I grew up as the youngest of six children on Long Island, New York. In my parents I always had a clear witness of faithfulness to truth, justice and the good that came from their Christian faith.
When I got to college, though, the figure of Christ was something I still basically just took for granted. During those years, I began to take notice of him, even to seek him out, albeit in a guarded way. Then something in me was finally shaken when my sister, who had met a group of Franciscans, from this encounter was so profoundly changed as to decide to enter religious life at 24. I remember with perfect clarity the stunning realization, one evening: “Either Christ is everything, or he’s nothing at all.”
After college I moved to California to work and to dedicate myself to competitive running, my great passion. My sister’s vocation had planted the seed of a question in me, and every so often I began to stop into a Church where they had perpetual Eucharistic Adoration. Over time, my question changed. If at the beginning I had asked myself “Who is this Jesus for my sister, who’s willing to offer everything to have him?”, I slowly began to ask, instead, “Who are you?” and even “And who am I, to you?” And in the silence of that Church, it began to become very clear to me: “You are everything, and I am yours.”
From this powerful encounter, all my criteria began to change. I accepted an invitation to join a group of young people who dedicated a year of their lives to evangelization and there I began to experience friendship in Christ. I took a job in a parish that allowed me to share my discovery of Christ with many other young people. I read everything I could get my hands on, and I was particularly struck by John Paul II’s writings. At this point I decided that I wanted to go as deeply as I could into his vision of the human person, and I enrolled in the John Paul II Institute in Washington, D.C.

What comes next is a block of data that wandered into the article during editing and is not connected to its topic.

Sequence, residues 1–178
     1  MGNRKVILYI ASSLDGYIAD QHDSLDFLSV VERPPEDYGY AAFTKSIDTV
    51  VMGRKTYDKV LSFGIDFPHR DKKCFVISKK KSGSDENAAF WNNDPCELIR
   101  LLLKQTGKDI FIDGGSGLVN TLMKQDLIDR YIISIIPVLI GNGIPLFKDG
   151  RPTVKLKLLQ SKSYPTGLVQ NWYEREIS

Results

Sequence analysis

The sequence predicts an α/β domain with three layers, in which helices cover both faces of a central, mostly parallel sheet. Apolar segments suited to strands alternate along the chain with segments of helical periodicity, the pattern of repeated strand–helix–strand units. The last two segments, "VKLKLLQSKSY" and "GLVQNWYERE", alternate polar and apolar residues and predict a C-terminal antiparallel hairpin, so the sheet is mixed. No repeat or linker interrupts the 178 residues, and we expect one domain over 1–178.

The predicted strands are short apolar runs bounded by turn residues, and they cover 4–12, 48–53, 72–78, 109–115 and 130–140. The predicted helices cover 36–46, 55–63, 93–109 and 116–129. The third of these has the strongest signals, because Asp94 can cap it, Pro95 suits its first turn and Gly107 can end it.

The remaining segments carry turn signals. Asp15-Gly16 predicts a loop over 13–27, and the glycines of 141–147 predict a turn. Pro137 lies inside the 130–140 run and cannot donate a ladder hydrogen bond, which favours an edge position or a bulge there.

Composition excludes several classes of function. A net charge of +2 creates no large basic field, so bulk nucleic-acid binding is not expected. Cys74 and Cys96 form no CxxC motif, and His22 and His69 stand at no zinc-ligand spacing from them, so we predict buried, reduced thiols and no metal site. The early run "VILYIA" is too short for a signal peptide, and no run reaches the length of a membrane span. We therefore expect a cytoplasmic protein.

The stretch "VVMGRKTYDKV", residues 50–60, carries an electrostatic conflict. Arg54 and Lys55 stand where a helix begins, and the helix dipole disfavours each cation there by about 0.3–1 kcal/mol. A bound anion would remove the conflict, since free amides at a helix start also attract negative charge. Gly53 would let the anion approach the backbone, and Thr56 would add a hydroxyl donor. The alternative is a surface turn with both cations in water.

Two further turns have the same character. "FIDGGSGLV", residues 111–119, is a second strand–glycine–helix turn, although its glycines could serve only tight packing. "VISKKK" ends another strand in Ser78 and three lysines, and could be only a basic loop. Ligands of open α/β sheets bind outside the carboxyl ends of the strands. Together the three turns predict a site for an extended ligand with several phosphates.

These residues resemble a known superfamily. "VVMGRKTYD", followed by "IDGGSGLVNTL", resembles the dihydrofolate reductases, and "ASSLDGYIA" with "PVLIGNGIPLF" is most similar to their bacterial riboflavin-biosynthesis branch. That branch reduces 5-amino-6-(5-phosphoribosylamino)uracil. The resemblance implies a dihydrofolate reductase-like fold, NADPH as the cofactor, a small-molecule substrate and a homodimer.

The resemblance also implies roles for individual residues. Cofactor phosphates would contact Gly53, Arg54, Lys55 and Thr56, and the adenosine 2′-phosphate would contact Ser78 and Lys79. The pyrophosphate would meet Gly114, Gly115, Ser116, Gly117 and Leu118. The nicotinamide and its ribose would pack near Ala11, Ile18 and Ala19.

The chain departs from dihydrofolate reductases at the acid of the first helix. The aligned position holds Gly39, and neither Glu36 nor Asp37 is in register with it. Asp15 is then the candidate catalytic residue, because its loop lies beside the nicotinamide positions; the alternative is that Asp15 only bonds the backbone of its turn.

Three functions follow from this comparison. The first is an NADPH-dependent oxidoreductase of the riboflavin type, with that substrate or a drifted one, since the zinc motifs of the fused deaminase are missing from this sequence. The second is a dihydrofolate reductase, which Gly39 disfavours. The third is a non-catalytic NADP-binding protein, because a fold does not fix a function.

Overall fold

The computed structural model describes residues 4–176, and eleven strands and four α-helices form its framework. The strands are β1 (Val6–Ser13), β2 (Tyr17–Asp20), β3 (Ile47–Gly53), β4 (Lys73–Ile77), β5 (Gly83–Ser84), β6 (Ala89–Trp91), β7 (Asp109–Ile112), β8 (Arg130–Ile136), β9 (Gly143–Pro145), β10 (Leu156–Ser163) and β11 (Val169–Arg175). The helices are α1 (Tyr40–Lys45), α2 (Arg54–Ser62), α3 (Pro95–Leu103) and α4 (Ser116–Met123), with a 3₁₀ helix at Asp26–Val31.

It was there that I met the Fraternity of St. Charles and the Movement of CL. I was struck by the radicality of their relationship with Christ, which they lived with great freedom in their friendship together, and by the seriousness with which, together, they looked at everything. Following their life, my life began to find its own profound unity. The more I pressed into my studies in Theology and into my friendships in the Movement, two desires became more and more clear in me. The first was the desire for silence: that my own words could be more and more rooted in the word of Another. The second was to make myself available to God, if in some way this availability could comunicate to the world the beauty of Christ. When Fr. Antonio Lopez passed me a few pages that the Missionaries of St. Charles had written to describe who they were, for a second it seemed like time had stood still in its tracks. I remember thinking: “If this place really exists, then there’s a place for me in the world, after all!”
When I finished my studies in 2011, I entered the House of Formation in Rome, and now I serve the Missionaries as General Secretary. Here, I’m given to live an existence that is totally shared in a concrete communion that reaches, knows, loves and acccompanies every corner of my person. Here, Christ really is everything: He gives everything, asks everything, is hidden in everything, and is resplendent in everything.